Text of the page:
Songwriter, Lyricist. Born in Savannah, Georgia, he attended the prep school Woodberry Forest in Virginia, but in 1927 the family's bankruptcy ended his college plans. He joined an amateur theatre troupe which placed first in the Amsterdam Roof Theater competition that year in New York. He publishing his first lyric, 'Out of Breath (and Scared to Death of You),' for a popular stage revue, 'The Garrick Gaieties.' In 1932, he won the Pontiac Youth of America Contest and appeared on band leader, Paul Whiteman's Kraft radio program; he went on to sing lead, write new songs for the band, and emcee their shows. Soon after, he met Hoagy Carmichael with whom he collaborated for 'Lazybones,' which he recorded with the Whiteman Orchestra on lead vocals, it became the first of many hits for the pair. In 1933, he moved to Hollywood where he wrote 'I'm an Old Cowhand,' for the feature film, 'Rhythm on the Range' (1936) in which he also appeared, but for which he received no screen credit. It did, however, lead to a Warner Brothers contract. In 1938 and 1939, he sang with the Benny Goodman Orchestra, and also scored with the songs 'Hooray For Hollywood' for the movie 'Hollywood Hotel' (1937), 'Jeepers Creepers' in 'Going Places' (1938), 'You Must Have Been a Beautiful Baby' in 'Hard to Get' (1938), 'That Old Black Magic' in 'Star Spangled Rhythm' (1942), and 'Ac-Cen-Tchu-Ate the Positive' in 'Here Come the Waves' (1944). Other songs followed, including such standards as 'Blues in the Night,' 'One For My Baby,' 'Come Rain or Come Shine,' 'Autumn Leaves,' 'Tangerine,' and 'On The Atchison, Topeka, and Santa Fe,' which won him his first Academy Award. In 1940s, he hosted his own radio show, 'Johnny Mercer’s Music Shop,' and in 1942, co-founded Capitol Records. In 1951, 'In the Cool, Cool, Cool of the Evening' from the film ' Here Comes the Groom,' won him his second Academy Award. In 1954, he wrote the lyrics for Gene de Paul's music in 'Seven Brides for Seven Brothers.' In 1961, he collaborated with Henry Mancini on 'Moon River' for the film, 'Breakfast at Tiffany's,' winning him his third Academy Award. The pair repeated their achievement the following year with 'Days of Wine and Roses, ' when he became the first lyricist to win four Oscars. He also contributed to the film scores for 'Charade' (1963), 'The Pink Panther (1963) 'The Great Race' (1965) 'Barefoot in the Park' (1967) and 'Darling Lili' (1970). He then traveled to London in order to work with André Previn on the score for 'The Good Companions' which opened at Her Majesty's Theatre in London in July 1974. It was to be his last show. A series of severe headaches led to a diagnosis of a brain tumor, and he died at age 66 due to complications following brain surgery. He is credited with writing or co-writing more than 1,500 songs over his career. In 1996, the United States Postal Service issued an American Commemoratives series stamp in his honor. He has a star on the Hollywood walk of fame at 1628 Vine Street. He was the great-great-great grandson of Revolutionary War Continental Army General Hugh Mercer, who was mortally wounded at the 1777 Battle of Princeton.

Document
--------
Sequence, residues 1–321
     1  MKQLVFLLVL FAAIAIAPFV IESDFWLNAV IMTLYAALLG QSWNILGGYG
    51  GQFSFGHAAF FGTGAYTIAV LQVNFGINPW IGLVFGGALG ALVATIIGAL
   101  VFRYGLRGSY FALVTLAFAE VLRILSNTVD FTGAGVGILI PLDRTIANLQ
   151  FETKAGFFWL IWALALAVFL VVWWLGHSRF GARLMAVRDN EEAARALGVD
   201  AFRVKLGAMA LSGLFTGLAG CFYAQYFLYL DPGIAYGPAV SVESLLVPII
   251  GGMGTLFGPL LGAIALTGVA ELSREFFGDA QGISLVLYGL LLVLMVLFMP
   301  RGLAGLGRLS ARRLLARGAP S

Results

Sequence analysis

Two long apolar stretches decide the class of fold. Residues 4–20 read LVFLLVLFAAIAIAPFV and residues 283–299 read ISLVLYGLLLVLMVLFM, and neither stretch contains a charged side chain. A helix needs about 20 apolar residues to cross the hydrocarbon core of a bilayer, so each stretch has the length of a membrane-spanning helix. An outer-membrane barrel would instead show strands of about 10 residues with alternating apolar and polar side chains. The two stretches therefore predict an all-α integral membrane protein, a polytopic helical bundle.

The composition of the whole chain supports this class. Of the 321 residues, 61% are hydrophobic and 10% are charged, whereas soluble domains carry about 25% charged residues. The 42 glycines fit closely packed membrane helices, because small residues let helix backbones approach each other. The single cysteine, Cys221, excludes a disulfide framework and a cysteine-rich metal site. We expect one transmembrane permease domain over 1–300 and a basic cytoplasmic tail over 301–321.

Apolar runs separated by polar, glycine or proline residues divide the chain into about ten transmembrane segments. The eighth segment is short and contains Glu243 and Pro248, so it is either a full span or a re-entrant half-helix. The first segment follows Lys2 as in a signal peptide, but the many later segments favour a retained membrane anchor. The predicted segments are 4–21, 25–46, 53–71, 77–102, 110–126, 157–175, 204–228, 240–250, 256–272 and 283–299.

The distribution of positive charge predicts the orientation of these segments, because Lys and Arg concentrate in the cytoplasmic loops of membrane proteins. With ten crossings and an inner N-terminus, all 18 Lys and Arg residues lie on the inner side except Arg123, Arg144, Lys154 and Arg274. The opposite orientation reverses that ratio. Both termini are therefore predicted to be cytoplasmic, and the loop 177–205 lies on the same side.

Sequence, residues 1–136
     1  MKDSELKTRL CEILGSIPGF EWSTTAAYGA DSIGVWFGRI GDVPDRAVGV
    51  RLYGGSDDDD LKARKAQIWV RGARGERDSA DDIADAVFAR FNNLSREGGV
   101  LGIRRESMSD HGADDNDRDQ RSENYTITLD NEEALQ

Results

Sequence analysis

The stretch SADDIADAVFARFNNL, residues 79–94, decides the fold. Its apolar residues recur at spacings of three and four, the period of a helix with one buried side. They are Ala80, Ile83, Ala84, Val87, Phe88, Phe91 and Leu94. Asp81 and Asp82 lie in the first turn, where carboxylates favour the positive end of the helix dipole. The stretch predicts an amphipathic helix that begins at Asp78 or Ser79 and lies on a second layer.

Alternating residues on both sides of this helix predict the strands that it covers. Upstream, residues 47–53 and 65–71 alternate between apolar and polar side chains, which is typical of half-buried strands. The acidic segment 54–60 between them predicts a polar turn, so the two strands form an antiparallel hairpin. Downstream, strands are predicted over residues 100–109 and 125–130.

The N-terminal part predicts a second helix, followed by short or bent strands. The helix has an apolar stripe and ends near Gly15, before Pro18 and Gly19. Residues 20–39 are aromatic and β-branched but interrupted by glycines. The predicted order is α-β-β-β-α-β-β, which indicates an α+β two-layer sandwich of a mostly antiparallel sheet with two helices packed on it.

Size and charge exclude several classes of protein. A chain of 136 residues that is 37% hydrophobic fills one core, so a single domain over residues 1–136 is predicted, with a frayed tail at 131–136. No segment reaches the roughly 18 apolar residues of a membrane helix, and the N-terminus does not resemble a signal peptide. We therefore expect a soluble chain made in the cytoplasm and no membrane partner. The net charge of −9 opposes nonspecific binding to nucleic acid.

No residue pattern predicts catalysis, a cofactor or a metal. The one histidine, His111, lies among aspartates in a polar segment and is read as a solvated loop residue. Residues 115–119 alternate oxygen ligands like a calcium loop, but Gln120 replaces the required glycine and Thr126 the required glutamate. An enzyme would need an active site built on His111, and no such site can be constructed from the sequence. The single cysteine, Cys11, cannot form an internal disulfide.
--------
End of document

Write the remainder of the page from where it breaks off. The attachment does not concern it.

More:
Bio by: Iola
Elizabeth Meltzer Meehan Mercer
1909–1994 (m. 1931)
“AND THE ANGELS SING”